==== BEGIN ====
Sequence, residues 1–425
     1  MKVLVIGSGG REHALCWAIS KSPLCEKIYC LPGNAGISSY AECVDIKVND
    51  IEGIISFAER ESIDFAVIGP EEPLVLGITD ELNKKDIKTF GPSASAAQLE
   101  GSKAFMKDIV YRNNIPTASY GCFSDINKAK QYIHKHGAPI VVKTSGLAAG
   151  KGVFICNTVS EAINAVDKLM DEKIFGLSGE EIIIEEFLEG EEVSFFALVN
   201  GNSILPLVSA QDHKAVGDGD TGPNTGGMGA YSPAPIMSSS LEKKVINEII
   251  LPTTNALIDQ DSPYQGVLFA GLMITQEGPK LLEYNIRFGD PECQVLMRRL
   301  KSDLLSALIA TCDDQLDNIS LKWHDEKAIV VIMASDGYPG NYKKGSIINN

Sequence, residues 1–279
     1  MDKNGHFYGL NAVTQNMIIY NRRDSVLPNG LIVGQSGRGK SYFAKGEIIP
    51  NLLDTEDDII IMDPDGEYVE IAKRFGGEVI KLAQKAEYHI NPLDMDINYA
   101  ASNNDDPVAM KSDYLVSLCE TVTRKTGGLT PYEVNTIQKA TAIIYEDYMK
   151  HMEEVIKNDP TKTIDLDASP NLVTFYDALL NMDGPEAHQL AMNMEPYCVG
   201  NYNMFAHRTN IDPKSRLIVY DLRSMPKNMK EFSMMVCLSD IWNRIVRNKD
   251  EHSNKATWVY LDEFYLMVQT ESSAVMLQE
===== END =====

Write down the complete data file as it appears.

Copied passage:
Sequence, residues 1–425
     1  MKVLVIGSGG REHALCWAIS KSPLCEKIYC LPGNAGISSY AECVDIKVND
    51  IEGIISFAER ESIDFAVIGP EEPLVLGITD ELNKKDIKTF GPSASAAQLE
   101  GSKAFMKDIV YRNNIPTASY GCFSDINKAK QYIHKHGAPI VVKTSGLAAG
   151  KGVFICNTVS EAINAVDKLM DEKIFGLSGE EIIIEEFLEG EEVSFFALVN
   201  GNSILPLVSA QDHKAVGDGD TGPNTGGMGA YSPAPIMSSS LEKKVINEII
   251  LPTTNALIDQ DSPYQGVLFA GLMITQEGPK LLEYNIRFGD PECQVLMRRL
   301  KSDLLSALIA TCDDQLDNIS LKWHDEKAIV VIMASDGYPG NYKKGSIINN

Sequence, residues 1–279
     1  MDKNGHFYGL NAVTQNMIIY NRRDSVLPNG LIVGQSGRGK SYFAKGEIIP
    51  NLLDTEDDII IMDPDGEYVE IAKRFGGEVI KLAQKAEYHI NPLDMDINYA
   101  ASNNDDPVAM KSDYLVSLCE TVTRKTGGLT PYEVNTIQKA TAIIYEDYMK
   151  HMEEVIKNDP TKTIDLDASP NLVTFYDALL NMDGPEAHQL AMNMEPYCVG
   201  NYNMFAHRTN IDPKSRLIVY DLRSMPKNMK EFSMMVCLSD IWNRIVRNKD
   251  EHSNKATWVY LDEFYLMVQT ESSAVMLQE